As the death plane prepared to taxi down the runway, a last-minute reprieve spared a half dozen of the refugees, who were taken off the plane and returned to detention. One of those refugees, “Kenneth,” has a scheduled risk assessment with the Canadian Border Services Agency on the morning of October 30. But significant concerns have been raised that, absent diplomatic pressure from the Canadian government, U.S. officials will feel no obligation to ensure Kenneth is transferred from ICE detention to the Fort Erie port of entry.
As of this writing, it is an unanswered question whether this young man will be returned to torture and the death penalty in Cameroon — all for participating in peaceful protests that were attacked with lethal force by government forces — or whether he can be transferred for the scheduled border interview that would likely prove successful in illustrating why Kenneth is a person in need of protection.
Kenneth is a member of the persecuted Anglophone minority in Cameroon, against whom government attacks rising to the level of crimes against humanity have been documented by the Montreal-based Raoul Wallenberg Centre for Human Rights and the Centre for Human Rights and Democracy in Africa. Last year, Global Affairs Canada spokeswoman Amy Mills said that Canada condemned “violent acts and deplore the significant loss of human life since the beginning of tensions in both regions” of Cameroon where the violence has been most focused.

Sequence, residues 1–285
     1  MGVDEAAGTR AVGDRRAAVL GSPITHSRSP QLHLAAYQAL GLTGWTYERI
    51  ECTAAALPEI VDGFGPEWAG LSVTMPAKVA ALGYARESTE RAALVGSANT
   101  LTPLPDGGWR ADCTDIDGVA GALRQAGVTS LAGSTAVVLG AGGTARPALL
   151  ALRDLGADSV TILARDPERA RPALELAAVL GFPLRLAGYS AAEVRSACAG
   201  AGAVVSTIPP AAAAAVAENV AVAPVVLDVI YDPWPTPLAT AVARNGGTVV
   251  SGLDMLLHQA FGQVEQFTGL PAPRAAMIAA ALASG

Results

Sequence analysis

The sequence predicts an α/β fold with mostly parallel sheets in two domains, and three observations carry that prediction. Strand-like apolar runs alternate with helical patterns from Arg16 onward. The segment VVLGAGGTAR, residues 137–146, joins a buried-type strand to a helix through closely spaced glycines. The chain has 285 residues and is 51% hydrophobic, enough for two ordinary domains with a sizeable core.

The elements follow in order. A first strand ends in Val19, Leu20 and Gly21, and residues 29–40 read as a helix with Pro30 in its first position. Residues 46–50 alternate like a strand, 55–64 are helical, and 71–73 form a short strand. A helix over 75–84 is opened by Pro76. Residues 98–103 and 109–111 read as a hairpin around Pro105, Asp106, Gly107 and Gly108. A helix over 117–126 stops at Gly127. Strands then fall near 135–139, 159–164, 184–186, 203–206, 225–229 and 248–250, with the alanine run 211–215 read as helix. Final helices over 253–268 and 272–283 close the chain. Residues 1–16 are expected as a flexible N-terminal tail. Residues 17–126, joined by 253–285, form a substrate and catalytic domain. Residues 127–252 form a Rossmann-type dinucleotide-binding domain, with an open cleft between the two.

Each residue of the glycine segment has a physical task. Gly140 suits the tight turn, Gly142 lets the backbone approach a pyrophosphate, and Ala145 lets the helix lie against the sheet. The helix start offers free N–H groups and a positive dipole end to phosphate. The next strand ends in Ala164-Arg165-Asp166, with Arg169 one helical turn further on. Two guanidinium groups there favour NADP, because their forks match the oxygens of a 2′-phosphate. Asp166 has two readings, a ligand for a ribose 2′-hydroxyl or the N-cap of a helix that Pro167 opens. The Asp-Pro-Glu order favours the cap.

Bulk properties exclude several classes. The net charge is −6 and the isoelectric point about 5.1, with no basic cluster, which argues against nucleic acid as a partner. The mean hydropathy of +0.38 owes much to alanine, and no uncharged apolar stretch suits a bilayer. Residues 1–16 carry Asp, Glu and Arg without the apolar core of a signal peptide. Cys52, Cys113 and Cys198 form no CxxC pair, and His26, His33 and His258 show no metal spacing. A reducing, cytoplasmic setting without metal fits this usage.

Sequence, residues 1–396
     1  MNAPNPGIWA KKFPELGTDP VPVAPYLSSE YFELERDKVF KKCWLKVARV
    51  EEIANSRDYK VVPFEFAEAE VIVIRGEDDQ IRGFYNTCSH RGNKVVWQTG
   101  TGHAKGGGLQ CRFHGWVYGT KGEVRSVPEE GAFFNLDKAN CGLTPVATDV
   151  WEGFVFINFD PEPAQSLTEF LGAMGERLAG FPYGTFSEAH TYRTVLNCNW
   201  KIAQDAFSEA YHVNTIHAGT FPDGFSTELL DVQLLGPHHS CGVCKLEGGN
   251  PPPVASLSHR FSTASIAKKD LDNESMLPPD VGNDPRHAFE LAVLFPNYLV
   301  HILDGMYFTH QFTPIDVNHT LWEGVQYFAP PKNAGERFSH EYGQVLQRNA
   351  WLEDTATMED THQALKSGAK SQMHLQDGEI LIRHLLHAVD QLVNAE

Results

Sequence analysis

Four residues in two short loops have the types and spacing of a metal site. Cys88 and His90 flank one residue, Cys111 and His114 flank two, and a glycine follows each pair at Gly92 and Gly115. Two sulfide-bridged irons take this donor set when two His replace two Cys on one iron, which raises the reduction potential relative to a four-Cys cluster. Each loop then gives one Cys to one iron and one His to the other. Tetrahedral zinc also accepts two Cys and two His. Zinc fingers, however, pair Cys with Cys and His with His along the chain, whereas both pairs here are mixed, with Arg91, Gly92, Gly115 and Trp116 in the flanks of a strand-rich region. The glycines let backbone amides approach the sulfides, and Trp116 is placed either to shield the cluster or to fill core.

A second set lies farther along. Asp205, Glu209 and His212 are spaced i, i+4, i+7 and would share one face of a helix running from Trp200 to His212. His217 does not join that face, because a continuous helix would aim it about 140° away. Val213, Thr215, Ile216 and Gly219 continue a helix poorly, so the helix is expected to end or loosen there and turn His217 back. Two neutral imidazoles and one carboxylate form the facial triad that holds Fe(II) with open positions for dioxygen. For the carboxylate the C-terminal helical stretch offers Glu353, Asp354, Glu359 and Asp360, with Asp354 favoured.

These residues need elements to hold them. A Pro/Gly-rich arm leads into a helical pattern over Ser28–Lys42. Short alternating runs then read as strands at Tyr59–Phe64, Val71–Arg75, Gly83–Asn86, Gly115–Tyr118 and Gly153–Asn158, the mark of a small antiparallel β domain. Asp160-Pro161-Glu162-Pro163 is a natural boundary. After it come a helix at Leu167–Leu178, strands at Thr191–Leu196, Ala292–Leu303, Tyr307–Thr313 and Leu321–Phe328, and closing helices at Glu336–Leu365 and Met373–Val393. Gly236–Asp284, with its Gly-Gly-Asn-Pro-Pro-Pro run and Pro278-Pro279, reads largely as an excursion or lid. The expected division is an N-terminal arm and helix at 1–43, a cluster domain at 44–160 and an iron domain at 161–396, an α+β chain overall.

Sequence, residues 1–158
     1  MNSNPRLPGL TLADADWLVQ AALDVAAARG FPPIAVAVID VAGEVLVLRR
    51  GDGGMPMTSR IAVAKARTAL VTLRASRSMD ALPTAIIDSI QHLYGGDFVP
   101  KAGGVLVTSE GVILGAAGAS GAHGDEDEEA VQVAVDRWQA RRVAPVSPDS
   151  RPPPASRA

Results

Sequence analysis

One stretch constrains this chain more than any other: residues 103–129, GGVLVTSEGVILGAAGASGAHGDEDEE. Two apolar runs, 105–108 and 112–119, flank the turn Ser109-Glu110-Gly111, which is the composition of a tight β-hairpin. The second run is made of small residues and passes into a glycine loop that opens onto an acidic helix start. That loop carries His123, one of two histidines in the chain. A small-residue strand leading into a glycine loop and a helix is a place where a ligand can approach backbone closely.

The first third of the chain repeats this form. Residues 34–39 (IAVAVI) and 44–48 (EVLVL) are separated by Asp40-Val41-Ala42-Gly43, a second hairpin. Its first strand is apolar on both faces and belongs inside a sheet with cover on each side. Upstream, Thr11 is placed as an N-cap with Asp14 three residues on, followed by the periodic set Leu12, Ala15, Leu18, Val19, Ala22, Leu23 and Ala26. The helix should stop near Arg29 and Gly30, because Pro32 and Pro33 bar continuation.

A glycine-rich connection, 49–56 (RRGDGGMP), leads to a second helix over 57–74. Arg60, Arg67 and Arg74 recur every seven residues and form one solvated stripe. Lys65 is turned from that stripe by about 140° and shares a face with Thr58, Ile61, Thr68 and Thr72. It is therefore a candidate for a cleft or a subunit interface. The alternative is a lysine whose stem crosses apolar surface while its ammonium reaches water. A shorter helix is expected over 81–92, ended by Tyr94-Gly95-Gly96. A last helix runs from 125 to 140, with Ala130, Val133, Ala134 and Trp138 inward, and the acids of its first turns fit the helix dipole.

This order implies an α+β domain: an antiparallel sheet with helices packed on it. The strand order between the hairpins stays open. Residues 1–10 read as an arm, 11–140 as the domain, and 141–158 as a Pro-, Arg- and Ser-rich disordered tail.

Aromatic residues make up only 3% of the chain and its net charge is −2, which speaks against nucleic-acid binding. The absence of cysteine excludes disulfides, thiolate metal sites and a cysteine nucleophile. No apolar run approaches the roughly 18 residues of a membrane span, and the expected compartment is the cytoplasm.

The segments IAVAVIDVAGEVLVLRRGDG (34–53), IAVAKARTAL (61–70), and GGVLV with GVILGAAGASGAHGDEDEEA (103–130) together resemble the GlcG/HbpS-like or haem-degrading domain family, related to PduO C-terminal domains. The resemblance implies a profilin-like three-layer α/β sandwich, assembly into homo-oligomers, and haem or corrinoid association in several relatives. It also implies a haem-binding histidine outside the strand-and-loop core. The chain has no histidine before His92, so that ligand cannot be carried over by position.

Deportations as death sentence
Three weeks ago, Amnesty International U.S.A.’s deputy director of advocacy and government relations Adotei Akwei declared, “Given the current conditions in the country, it is extremely likely that anyone who is returned to Cameroon will face a high risk of being detained, beaten, disappeared, tortured, or even killed.” Amnesty further called on the U.S. government “to halt all deportations during this deadly pandemic and are alarmed that it is pursuing these deportations to Cameroon. The United States has both a legal and moral imperative to welcome those fleeing conflict and persecution to the country.”
Despite this call, the U.S. subsequently organized the above-mentioned deportation flight with about 60 Cameroonian and 28 Congolese refugees aboard. Notably, this same flight is the subject of a major multi-individual complaint launched by a series of U.S. immigrant rights groups for coercive ICE mistreatment tantamount to torture.
“An ICE agent came to see me Sunday, September 27, 2020 to try to get me to sign a deportation document,” reports a Cameroonian asylum seeker, identified as D.F. in the complaint. “I said I didn’t want to sign a deportation order. I said I am afraid to go back to my country. He promised me he would torture me. Monday, September 28, 2020, he came again while I was outside to try to force me to sign, I refused to sign. He pressed my neck into the floor. I said, ‘Please, I can’t breathe.’ I lost my blood circulation. Then they took me inside with my hands at my back where there were no cameras.”
Targeting Black migrants
According to the Black Alliance for Just Immigration, it appears that deportation efforts have ramped up throughout the pandemic against largely Black refugees. In addition to the death plane to Cameroon, over 600 Haitians have reportedly been deported this month alone (despite the risk of spreading coronavirus to the poorest country in the hemisphere), while in September, mass expulsions deported refugees from Somalia, Kenya, Sudan and Sri Lanka.
The alliance notes that Black immigrants are subjected to higher rates of asylum claim rejection, solitary confinement within the world’s largest immigration detention system, refusal of parole, and eventual deportation.